Forest parrot

More about kākā on Radio New Zealand

Urban Kaka

Adult North Island kaka. Image Albert AanensenSince six kaka were reintroduced to Zealandia in central Wellington in 2002, their numbers – boosted by some more reintroductions – have climbed to around 200, although they’re hard to count as they fly freely in and out of the fenced sanctuary. These large native forest parrots have become a common sight around the central city, frequenting parks, the botanic gardens, the town belt and suburban gardens. The bird pictured at left is an adult male North Island kaka (image © Albert Aanensen from NZ Birds Online)

Their habit of stripping bark to get at sap has been causing damage to some large trees such as eucalypts and macrocarpas, and Wellington Botanic Gardens staff have had to remove some dying branches to prevent them falling. The kaka also feed on seeds and cones on old pine trees.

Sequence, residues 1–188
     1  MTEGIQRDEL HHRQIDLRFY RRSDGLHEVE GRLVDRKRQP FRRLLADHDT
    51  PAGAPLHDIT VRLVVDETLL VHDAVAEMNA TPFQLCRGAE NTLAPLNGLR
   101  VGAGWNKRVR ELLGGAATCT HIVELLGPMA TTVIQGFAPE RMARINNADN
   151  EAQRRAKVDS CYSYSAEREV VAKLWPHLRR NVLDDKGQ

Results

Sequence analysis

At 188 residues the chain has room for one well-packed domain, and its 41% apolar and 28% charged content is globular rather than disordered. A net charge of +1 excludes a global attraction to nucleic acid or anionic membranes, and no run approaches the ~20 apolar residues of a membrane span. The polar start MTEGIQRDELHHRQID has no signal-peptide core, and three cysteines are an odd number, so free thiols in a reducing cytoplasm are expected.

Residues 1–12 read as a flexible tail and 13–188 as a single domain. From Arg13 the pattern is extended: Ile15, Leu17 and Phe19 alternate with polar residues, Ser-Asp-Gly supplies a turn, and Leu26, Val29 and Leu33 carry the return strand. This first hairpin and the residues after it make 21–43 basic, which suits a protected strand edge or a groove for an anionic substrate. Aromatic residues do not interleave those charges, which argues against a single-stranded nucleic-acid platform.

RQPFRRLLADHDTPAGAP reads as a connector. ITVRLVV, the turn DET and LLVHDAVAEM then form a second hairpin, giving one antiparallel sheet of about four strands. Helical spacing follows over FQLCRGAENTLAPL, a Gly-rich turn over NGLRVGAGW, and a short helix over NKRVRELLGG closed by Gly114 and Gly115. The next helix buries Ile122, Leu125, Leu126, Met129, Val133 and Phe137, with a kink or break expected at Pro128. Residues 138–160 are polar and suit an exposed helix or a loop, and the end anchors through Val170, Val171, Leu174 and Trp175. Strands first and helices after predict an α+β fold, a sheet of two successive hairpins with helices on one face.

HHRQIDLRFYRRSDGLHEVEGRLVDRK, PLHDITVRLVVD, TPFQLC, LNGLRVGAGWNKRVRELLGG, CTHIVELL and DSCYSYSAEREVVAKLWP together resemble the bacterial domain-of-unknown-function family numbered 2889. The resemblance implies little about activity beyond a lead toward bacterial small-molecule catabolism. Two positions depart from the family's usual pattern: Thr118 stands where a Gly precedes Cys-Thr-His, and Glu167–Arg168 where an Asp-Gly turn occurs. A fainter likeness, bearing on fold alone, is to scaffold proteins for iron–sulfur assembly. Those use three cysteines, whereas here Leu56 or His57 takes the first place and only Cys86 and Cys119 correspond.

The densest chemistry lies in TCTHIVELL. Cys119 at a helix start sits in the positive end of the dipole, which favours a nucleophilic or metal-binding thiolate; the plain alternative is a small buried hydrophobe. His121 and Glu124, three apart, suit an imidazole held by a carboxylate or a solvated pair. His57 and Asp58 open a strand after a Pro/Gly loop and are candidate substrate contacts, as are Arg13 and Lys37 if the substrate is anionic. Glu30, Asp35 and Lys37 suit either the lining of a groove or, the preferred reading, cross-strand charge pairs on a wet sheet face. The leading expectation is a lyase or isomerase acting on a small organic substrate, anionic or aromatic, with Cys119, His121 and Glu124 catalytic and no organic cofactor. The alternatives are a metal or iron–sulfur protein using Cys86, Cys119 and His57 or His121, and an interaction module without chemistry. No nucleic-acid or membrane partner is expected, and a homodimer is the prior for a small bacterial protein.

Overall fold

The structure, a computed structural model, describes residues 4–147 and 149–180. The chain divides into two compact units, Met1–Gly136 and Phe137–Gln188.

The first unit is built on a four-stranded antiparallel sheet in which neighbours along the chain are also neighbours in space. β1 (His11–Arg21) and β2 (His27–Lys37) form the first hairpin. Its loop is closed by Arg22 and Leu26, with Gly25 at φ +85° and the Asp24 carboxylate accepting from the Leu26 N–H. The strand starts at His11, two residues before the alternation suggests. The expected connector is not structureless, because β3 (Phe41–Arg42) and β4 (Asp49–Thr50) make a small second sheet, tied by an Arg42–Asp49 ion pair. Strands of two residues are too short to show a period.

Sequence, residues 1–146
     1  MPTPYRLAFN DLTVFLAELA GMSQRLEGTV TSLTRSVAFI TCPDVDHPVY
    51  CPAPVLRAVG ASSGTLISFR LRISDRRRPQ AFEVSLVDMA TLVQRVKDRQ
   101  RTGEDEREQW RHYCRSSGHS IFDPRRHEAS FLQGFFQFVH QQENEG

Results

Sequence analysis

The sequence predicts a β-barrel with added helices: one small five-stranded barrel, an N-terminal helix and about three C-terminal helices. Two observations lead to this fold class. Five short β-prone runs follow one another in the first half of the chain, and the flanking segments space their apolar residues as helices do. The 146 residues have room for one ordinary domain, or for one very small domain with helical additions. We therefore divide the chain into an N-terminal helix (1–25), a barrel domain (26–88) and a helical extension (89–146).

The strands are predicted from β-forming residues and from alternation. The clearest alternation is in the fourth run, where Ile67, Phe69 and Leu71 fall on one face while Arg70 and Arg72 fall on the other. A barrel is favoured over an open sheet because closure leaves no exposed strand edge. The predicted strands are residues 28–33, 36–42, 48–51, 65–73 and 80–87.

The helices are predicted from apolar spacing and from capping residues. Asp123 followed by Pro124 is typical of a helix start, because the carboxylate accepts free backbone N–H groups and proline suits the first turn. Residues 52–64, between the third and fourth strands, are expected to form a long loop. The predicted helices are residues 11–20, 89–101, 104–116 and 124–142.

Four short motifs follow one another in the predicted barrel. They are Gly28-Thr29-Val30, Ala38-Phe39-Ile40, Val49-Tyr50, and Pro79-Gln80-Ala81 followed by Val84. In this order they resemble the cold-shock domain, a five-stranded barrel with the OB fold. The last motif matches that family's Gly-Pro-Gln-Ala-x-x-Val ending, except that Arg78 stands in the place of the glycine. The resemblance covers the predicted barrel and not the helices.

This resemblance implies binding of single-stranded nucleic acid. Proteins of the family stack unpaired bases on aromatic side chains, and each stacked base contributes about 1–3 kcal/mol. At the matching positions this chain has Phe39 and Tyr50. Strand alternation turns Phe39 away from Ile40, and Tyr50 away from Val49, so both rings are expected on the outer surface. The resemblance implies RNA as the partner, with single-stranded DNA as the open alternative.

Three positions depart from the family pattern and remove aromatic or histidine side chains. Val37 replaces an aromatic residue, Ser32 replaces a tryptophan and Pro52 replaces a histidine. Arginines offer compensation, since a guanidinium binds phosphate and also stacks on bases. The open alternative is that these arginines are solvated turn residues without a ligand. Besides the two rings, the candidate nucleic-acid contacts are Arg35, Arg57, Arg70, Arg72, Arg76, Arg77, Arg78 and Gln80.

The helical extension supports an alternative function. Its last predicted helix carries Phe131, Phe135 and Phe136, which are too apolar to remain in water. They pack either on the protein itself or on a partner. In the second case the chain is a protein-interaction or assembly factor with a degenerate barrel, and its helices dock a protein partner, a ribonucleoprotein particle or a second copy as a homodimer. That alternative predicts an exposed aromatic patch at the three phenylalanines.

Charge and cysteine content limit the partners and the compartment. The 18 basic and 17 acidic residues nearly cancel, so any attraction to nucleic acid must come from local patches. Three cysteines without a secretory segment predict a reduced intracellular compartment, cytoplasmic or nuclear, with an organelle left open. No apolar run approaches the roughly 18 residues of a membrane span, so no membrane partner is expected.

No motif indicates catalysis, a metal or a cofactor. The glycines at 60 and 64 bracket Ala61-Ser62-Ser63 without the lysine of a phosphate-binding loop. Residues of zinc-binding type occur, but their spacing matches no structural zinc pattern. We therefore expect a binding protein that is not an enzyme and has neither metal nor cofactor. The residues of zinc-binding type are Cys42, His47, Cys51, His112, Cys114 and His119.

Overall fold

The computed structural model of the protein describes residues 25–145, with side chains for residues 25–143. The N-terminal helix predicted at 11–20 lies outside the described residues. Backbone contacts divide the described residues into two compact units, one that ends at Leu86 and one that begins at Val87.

Victoria University of Wellington master’s student Kerry Charles looked at the impact of these urban kaka on city trees, documenting damage, observing kaka feeding and trying to work out which birds were doing the sap feeding and what kind of trees they favoured. She tells Alison Ballance that she made 40 observations of birds sap feeding, and found that birds of both sexes and all ages were involved, including birds that were also regularly easting supplementary food at Zealandia. They favoured exotic trees in prominent positions on ridge tops. Kerry’s advice to Wellington City Council has been to consider a phased-in replacement of exotic trees with natives.